“The three small Yakutian villages close to the Verkhoyansk mountain region and the people and animals in these coldest areas of the world really touched me. The artistic works I did there involves the Arctic area, animals as human companions, genetics and adaptation in general,” Osva says.
Anu Osva is a trained animal breeding scientist and a trained painter. She considers it important to show both of these professions in her artistic work.
“My world view is a combination of science and art: there is no mysticism involved.”
The union of science and art led Osva to art & science. Finnish practitioners of the method have established the Finnish Bioart Society.
“The method itself is very old. Artists have sought the company of scientists throughout the times. Now, scientists and artists work more concretely together, often as teams,” Osva explains.
Osva’s paintings of the small but sturdy Yakutian cows are already well known. She travelled to Siberia for the first time in 2005. For the concluding seminar of the Arctic Ark, Osva brought large paintings where video images are reflected on top of them .
“It’s a laborious working method, but oh so wonderful. I strive to depict how humans have travelled side by side with these animals for thousands of years, and how both win on this shared journey. Neither needs to be a slave,” Osva says.
An exhibition called Co-Travellers can be viewed at Arktikum Science Centre in Rovaniemi from 14 December 2018 to 3 March 2019.
Price of adaptation
With the help of the most recent genomics research methods, Juha Kantanen has studied how the genome of the Arctic domestic animals has changed from the ice ages to our days.
The genome of cattle shows that during the latest ice ages, over the course of the past million years, the number of animals in the cattle population has dropped and their genetic diversity has decreased. The DNA of the current domestic cows shows signs of the history of their extinct wild ancestor, the wild ox or aurochs. The ice ages – the most recent of which ended more than 10,000 years ago – can also be seen in the genome of the Yakutian horse.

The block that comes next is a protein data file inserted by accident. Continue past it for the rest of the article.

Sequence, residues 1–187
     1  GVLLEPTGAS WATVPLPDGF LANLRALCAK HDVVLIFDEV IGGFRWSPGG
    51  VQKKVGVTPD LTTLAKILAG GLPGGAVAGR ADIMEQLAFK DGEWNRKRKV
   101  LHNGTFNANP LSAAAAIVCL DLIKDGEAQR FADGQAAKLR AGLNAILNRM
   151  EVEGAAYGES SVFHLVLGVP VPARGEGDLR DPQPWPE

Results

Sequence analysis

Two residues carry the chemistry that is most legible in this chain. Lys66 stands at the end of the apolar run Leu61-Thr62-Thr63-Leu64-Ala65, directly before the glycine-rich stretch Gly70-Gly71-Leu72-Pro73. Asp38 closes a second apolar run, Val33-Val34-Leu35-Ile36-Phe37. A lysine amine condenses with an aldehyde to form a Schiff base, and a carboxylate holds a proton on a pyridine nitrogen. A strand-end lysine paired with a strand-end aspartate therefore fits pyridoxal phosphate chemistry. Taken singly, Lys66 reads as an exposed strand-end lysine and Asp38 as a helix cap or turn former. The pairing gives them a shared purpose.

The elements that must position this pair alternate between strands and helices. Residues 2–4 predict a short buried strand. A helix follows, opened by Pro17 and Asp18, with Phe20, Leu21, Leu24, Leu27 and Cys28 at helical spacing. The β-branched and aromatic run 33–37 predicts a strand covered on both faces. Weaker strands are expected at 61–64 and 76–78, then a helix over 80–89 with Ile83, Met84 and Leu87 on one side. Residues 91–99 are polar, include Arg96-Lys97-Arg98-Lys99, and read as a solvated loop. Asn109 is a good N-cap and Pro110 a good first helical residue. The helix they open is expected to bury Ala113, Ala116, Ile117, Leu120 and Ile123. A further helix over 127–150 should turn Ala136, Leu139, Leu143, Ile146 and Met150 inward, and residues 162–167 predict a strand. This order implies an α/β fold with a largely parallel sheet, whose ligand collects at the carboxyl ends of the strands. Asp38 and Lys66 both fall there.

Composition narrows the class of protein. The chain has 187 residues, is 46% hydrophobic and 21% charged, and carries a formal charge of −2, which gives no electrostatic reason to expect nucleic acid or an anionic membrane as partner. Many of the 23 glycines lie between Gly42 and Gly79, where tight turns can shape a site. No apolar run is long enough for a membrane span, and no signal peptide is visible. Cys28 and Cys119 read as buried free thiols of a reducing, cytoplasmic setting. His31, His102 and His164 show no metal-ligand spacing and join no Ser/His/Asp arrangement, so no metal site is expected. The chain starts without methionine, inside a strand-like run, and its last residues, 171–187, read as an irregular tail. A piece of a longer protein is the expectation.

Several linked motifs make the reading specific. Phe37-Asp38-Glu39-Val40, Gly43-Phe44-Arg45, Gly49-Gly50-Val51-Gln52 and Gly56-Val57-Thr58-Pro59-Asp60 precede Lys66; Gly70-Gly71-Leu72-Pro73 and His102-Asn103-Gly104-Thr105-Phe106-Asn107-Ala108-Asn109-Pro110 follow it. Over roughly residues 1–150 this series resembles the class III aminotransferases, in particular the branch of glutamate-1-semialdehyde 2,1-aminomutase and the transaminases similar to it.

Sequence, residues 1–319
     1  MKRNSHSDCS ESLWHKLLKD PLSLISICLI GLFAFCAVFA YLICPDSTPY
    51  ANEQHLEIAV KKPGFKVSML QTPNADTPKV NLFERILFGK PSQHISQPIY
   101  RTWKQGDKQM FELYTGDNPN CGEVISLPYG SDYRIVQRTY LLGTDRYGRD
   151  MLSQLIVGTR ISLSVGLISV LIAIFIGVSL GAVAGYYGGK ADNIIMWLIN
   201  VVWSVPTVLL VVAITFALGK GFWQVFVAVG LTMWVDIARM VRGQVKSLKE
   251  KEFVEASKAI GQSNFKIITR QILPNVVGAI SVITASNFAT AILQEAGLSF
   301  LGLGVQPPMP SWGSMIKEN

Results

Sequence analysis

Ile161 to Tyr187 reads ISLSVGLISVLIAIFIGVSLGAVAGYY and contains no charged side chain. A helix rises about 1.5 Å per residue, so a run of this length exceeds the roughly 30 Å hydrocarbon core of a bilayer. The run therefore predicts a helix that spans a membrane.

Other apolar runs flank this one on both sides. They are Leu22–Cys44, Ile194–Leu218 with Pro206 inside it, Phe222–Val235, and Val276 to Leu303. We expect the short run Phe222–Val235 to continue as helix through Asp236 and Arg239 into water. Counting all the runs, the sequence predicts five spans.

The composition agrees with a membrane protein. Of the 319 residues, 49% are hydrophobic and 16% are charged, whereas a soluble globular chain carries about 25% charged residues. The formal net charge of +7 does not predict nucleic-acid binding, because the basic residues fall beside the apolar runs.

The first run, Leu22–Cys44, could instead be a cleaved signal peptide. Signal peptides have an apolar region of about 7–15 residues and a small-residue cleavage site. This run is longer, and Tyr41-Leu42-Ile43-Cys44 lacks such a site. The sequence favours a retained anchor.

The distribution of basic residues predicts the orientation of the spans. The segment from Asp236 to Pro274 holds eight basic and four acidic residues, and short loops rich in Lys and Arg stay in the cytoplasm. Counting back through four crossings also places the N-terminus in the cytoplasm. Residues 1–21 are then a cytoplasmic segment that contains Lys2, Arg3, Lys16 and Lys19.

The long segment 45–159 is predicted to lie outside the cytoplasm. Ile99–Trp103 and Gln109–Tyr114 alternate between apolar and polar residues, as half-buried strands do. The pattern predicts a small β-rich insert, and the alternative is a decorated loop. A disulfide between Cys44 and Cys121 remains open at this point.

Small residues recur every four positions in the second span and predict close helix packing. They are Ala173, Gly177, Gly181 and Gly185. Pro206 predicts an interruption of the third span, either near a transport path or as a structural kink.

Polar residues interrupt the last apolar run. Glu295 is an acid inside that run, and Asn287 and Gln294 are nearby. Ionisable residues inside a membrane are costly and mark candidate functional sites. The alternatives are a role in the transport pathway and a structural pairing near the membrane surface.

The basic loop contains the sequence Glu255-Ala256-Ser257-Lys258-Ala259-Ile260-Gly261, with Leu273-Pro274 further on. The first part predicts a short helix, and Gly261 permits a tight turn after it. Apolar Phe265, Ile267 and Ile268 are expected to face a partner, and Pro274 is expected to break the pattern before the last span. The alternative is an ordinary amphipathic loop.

“In addition, we observed that when humans started to domesticate these animals, only part of the genetic diversity of the ancestral wild populations was retained. The genome further deteriorated in the 19th century when breeds were established and some characteristics were eliminated,” Kantanen explains.
The genome of reindeer has not been as effectively deteriorated by humans, even in Siberia. Kantanen is satisfied with the unique reindeer genome data that was collected during the course of the Arctic Ark. In future, it can offer answers to many questions regarding the diversity of domestic animals.
The research on the cattle genome will also be continued. Kantanen discovered that even though the Yakutian cattle have lived in isolation, they are, surprisingly, genetically more diverse than European cattle.
“We currently believe that they originate from the same cattle domestication centre in the Middle East as our European cattle, but the Asian cattle may be based on a larger founder population. It is also possible that humans crossbred Asian cattle with Asian wild ox when travelling to the north. We plan to continue studying these issues,” Kantanen concludes.
For more information:
Research Professor Juha Kantanen, Natural Resources Institute Finland, juha.kantanen(at)luke.fi
Research Professor Florian Stammler, Arctic Centre at the University of Lapland, +358 400 138 807, florian.stammler(at)ulapland.fi
Artist Anu Osva, +358 41 510 6043, anuosva(at)gmail.com
Press release: Natural Resources Institute Finland
Photo: Päivi Soppela